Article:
The sell-off that started with growth plays has made its way up the chain, with the big guys suffering in tandem on the heels of an unfavorable housing report.
The iShares Russell 2000 Index ETF (IWM) was trading down .89 percent, as investors fled the more volatile small-sector, presumably in favor of safer, blue chip plays. However, the blue chips fared no better on Thursday trading action. The SPDR S&P 500 Index ETF (SPY) , the busiest ETF by volume, shed a full percent on the day. Its DJIAQ-tracking counterpart, SPDR Dow Jones Industrial Average (DIA) shed .95 percent.
The drop down can probably be attributed to a generally bearish sentiment that is beginning to take hold of retail and commercial investors alike. This market pessimism is illustrated in the drop down for the Financial Select Sector ETF SPDR (XLF) , and especially the SPDR S&P Regional Banking ETF (KRE), which tracks smaller lenders. As the less leveraged, more straightforward regional banks represent the “purest play” on the general economy, much more so than their investment bank counterparts, a sell-off in regional banks represents the purest example of growing market cynicism.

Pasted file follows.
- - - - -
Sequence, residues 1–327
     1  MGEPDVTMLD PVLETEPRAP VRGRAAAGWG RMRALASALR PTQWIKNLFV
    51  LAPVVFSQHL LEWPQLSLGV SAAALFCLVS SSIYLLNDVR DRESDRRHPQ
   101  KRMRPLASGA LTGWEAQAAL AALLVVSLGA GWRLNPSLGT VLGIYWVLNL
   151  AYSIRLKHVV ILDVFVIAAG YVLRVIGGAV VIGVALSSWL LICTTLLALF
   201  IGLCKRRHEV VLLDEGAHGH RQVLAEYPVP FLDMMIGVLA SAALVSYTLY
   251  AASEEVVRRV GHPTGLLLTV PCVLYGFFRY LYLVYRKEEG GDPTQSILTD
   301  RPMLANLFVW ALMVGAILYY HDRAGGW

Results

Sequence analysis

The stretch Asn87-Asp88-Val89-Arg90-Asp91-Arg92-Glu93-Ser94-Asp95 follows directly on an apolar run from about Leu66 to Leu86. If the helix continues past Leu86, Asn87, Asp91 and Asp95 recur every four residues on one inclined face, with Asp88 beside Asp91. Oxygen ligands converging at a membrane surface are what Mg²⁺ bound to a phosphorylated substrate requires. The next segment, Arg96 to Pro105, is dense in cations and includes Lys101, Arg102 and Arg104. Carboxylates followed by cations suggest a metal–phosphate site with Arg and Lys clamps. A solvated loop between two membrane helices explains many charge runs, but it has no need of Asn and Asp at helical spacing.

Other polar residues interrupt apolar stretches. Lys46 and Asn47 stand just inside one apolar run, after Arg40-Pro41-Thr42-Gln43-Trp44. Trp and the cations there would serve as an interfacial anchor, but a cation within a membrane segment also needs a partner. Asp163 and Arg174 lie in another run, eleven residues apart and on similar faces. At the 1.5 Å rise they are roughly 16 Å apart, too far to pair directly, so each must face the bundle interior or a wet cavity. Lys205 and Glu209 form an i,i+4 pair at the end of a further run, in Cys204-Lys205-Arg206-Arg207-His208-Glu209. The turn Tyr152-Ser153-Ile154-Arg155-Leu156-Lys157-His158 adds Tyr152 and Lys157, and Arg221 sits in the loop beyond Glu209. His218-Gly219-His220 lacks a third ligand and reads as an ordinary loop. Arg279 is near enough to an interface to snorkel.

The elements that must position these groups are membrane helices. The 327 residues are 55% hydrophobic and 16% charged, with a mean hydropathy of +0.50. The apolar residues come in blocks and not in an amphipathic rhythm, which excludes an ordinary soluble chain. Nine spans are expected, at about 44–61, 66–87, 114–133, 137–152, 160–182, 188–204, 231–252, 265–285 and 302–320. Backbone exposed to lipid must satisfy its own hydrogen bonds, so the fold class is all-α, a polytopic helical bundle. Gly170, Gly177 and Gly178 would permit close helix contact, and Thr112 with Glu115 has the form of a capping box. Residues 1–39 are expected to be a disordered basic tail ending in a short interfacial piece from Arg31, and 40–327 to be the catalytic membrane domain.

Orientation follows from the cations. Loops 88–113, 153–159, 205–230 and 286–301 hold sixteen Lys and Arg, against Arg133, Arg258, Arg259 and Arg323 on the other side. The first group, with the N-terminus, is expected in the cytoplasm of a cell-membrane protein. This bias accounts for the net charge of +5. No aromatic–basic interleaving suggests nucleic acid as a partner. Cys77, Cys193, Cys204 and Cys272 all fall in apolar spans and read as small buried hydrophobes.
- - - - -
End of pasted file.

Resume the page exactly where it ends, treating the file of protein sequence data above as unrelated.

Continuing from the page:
Predictably, what is bad for the bulls is good for the bears, and some of the largest ETF gainers on the day were those betting against the market optimists. The highly leveraged Direxion Daily Small Cap Bear 3X Shares ($TZA) gained 2.85 percent amid heavy volume. Additionally, the ProShares UltraShort S&P 500 (SDS) notched a two percent gain on the day, as investors clamored to profit off the supposedly worsening economic climate.
While one day in the market does not necessarily spell a trend, the ongoing growth play retreat, coupled with blue chip pullbacks and a lack of faith in the regional banking sector, certainly does not indicate that faith that the five year bull market will continue unabated is being seriously questioned.
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